In March 2013, Alani informed Truthout that the incident rates of congenital malformations remained around 14 percent. Alani has had to flee the city due to bombardments from the Iraqi government, including shellings that targeted clinics and hospitals, as Truthout previously reported.

Basra

Iraq's southern city of Basra was heavily bombarded with DU munitions by US warplanes during the 1991 war.

Al-Ali was heavily involved in working on two birth defect studies carried out in the wake of that war.

"The types of birth defects were hydrocephaly [an abnormal buildup of cerebrospinal fluid (CSF) in the ventricles of the brain], anencephaly [the absence of a large part of the brain and the skull], cleft lip and phacomelia [loss of limbs]," al-Ali told Truthout. "Other consequences are the cancers which increased three-fold during the last two decades."

He said that clusters of cancers occurring at higher incidence within the same family were another new phenomenon seen in Iraq only after the 1991 and 2003 wars.

"Other diseases related to effects of DU were the kidney failure of unknown cause and stone formation," he added. "Respiratory problems like asthma and also myopathy and neuropathy are now very common as well."

In Babil Province in southern Iraq, cancer rates have been escalating at alarming rates since 2003. Dr. Sharif al-Alwachi, the head of the Babil Cancer Center, blames the use of depleted uranium weapons by US forces during and following the 2003 invasion.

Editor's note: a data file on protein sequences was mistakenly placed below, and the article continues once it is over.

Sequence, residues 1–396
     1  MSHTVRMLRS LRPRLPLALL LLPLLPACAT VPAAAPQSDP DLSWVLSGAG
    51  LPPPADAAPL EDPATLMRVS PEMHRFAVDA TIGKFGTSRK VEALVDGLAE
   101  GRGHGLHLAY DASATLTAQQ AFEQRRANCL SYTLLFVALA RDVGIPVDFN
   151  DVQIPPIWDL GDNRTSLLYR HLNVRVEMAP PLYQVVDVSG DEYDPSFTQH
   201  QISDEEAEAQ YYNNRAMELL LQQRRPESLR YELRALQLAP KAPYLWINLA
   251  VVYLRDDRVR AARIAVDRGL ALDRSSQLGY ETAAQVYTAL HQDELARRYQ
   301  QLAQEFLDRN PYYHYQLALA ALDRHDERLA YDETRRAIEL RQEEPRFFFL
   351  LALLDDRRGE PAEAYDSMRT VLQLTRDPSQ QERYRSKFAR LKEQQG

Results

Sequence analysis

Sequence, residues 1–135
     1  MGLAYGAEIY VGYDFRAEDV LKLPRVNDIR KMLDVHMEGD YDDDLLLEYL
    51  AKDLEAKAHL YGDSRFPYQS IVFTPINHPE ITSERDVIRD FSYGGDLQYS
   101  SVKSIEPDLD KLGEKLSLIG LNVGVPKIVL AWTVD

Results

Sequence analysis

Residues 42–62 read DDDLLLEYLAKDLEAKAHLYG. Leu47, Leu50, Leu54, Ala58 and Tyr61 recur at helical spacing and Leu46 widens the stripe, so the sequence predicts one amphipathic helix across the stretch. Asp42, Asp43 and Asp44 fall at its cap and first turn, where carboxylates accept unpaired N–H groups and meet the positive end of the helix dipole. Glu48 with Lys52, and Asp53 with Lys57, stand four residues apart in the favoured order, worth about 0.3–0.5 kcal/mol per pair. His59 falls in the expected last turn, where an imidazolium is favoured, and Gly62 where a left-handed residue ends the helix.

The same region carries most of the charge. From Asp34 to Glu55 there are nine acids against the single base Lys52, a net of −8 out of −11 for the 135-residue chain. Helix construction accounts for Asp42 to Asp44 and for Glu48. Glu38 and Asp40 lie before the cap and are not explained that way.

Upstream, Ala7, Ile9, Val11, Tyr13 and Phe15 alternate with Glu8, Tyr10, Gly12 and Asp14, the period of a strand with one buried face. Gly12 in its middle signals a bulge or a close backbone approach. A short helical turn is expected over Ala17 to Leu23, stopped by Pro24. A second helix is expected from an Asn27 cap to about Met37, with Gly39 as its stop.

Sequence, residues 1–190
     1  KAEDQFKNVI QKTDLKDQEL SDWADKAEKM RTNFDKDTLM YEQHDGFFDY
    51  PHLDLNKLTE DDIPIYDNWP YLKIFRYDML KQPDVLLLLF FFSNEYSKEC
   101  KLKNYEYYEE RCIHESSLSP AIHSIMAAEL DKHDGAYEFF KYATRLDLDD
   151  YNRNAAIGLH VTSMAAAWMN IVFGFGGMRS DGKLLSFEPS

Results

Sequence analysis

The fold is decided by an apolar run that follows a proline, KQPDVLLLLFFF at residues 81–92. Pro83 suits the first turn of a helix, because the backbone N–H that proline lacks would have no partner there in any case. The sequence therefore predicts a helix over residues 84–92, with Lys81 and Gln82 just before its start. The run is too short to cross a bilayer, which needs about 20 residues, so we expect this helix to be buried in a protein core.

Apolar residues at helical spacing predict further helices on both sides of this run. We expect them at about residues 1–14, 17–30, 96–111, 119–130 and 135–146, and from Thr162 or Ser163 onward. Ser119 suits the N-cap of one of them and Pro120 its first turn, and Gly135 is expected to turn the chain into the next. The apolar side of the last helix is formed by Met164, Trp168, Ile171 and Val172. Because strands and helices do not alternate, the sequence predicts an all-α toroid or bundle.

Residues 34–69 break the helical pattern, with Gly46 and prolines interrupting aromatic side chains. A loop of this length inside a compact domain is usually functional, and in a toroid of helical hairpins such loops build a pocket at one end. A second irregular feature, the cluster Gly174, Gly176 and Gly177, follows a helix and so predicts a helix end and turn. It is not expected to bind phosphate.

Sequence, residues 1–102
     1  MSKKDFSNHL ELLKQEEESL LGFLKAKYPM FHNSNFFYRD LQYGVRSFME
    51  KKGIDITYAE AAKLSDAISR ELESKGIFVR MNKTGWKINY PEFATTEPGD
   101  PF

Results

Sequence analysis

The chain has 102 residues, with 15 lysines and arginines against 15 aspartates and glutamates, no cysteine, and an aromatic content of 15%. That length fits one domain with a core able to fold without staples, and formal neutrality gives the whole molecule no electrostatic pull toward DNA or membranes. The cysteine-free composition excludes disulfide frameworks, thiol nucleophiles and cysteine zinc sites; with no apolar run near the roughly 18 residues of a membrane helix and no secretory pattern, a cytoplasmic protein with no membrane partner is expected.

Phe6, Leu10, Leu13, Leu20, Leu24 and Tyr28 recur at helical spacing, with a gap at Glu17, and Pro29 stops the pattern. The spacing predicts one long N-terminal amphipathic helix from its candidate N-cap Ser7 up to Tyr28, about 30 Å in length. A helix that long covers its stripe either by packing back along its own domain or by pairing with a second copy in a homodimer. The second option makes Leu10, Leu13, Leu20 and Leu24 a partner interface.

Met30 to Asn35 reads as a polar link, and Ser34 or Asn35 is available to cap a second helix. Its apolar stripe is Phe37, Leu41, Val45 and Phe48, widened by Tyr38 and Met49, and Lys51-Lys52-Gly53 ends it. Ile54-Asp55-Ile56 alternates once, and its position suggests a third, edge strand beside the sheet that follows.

"The environment could be contaminated by chemical weapons and depleted uranium from the aftermath of the war on Iraq," Alwachi told Truthout. "The air, soil and water are all polluted by these weapons, and as they come into contact with human beings they become poisonous. This is new to our region, and people are suffering here."

According to a study published in the Bulletin of Environmental Contamination and Toxicology, there was a sevenfold increase in the number of birth defects in Basra between 1994 and 2003.

In addition, never before has such a high rate of neural tube defects ("open back") been recorded in babies as in Basra, and the rate continues to rise. According to the study, the number of hydrocephalus ("water on the brain") cases among newborns is six times as high in Basra as it is in the United States.

Childhood cancer also appears to be unusually prevalent in Basra.

"We have noticed bouts of malignant tumors affecting children's limbs," an Iraqi doctor who has worked in various parts of the country for 20 years told Truthout. He requested anonymity for security reasons. "These malignancies are usually of very aggressive types and in the view of the shortage of facilities we are running in our hospitals they usually have a fatal outcome."

His prognosis was grim.

"The only help we can provide to those children is amputation, which sometimes does nothing but prolonging their suffering, in addition to the great psychological impact on both the child and the parents," he said. "We know that it is possible to save most of these children in specialized oncology centers by advanced salvage surgery, with the attendant chemotherapy and radiotherapy. Unfortunately, this seems to be a kind fantasy for our government and health administrations, which are currently busy with the large amount of trauma overwhelming our hospitals' resources."